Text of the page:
I'm going to be leaving Thursday night for a four day weekend away in Las Vegas with four of my good friends. Las Vegas is an attractive tourist destination because it offers things to do for all types of people such as shopping, relaxing at the pool, golf, seeing a great show, going to night clubs, or eating great food.
I enjoy all these things, but being inside a casino feeds stimulation for me beyond what the normal person experiences. I am fascinated with both statistical probabilities and behavioral psychology. Walking through a casino and viewing both the business side of the operation as well as the emotional and physical reaction to the participants involved is incredible.
It is well known that the casino has an advantage in every single game people play, yet people get on a plane and pay for a hotel just for the chance to "gamble" in this environment.
If a participant plays blackjack perfectly, meaning they hit, stay, double down, or split on every single hand they are dealt in a mathematically correct fashion, the casino still has about a 1% statistical advantage. Over time the casino would win an enormous amount of money with just that advantage, but as you know most players do not do the mathematically correct play on every hand they are dealt. This sends the statistical odds for the casino through the roof.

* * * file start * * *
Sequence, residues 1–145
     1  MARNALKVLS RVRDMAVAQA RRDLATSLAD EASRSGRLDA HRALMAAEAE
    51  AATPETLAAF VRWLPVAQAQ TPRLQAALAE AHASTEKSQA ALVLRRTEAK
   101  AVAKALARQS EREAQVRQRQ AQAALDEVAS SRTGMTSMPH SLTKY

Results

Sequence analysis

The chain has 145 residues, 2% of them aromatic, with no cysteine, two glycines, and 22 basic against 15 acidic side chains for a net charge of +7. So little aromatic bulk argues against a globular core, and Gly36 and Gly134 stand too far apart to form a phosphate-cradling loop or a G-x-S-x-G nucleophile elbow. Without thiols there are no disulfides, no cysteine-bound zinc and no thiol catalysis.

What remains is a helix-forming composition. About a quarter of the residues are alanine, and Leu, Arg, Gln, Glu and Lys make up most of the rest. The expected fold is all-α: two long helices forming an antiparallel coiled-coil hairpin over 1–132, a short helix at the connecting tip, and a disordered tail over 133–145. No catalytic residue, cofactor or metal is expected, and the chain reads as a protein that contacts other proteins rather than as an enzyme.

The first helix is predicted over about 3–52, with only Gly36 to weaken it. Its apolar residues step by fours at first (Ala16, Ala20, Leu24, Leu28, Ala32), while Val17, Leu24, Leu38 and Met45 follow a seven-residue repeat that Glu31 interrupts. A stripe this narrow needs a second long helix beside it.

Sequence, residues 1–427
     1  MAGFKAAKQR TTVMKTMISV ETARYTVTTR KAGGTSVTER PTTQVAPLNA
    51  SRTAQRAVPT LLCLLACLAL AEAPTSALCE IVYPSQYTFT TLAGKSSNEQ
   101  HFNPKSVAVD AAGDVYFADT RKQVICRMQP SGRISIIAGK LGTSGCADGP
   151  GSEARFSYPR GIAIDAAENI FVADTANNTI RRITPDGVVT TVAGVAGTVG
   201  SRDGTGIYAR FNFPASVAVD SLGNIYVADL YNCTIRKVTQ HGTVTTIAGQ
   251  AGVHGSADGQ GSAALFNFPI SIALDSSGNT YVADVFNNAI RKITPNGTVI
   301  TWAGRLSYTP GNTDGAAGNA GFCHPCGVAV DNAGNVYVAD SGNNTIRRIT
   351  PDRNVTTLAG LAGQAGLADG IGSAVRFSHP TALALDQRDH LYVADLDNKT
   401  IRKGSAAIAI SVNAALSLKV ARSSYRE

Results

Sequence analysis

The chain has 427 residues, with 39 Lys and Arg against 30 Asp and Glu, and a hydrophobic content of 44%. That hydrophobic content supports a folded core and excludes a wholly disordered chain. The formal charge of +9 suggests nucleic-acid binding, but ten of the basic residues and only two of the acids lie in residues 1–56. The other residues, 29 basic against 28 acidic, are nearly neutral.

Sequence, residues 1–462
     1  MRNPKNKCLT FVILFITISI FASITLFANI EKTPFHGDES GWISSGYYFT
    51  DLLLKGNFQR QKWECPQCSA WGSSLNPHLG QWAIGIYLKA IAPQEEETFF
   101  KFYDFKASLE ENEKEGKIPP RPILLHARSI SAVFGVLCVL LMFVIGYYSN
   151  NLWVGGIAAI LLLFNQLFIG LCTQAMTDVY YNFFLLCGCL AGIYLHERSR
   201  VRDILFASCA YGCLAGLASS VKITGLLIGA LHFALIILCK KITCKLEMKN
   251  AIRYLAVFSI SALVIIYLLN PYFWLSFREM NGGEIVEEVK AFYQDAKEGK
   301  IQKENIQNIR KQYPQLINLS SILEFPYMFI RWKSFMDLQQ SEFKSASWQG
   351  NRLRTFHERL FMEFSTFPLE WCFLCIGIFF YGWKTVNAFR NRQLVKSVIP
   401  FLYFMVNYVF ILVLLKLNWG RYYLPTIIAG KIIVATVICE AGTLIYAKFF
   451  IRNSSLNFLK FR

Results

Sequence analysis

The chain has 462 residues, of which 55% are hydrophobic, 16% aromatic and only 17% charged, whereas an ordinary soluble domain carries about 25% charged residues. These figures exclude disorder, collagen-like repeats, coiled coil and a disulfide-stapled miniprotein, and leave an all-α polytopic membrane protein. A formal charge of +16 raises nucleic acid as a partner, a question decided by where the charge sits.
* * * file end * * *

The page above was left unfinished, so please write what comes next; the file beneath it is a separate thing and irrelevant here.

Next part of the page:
So does that mean you should never play blackjack if you know how to play perfectly? Let's look at an additional element to this mathematical equation:
One factor to consider while playing is that a casino will provide participants free food and drinks while you are sitting at the table. If you play perfectly and factor in the cost of the food and drinks vs. if you were not playing and paying for it at the bar, your expected return moves into the positive. If you have the ability to count cards and you play every hand mathematically perfect you can also put your expected return positive, something the casinos obviously do not like, and they will remove or "ban" you from playing should they see this occurring on a regular basis.
The house "edge" for casinos is lowest for people that play blackjack perfectly. It rises significantly in other table games such as roulette (about 4%), three card poker (about 5%), slot machines (about 7%), up to the mother of all returns; Keno (about 27%).
Because I am strange and think too much about these things, I experience less enjoyment from playing these games. I spend most of my time playing no-limit Texas Holdem at the poker table. Here is where the math shifts dramatically in favor to those that have a strong understanding of how to play the game. The house is guaranteed to win money every hand with the "rake" from the pot, and your mathematical odds shift exclusively to your skill level in comparison to those sitting at the table with you.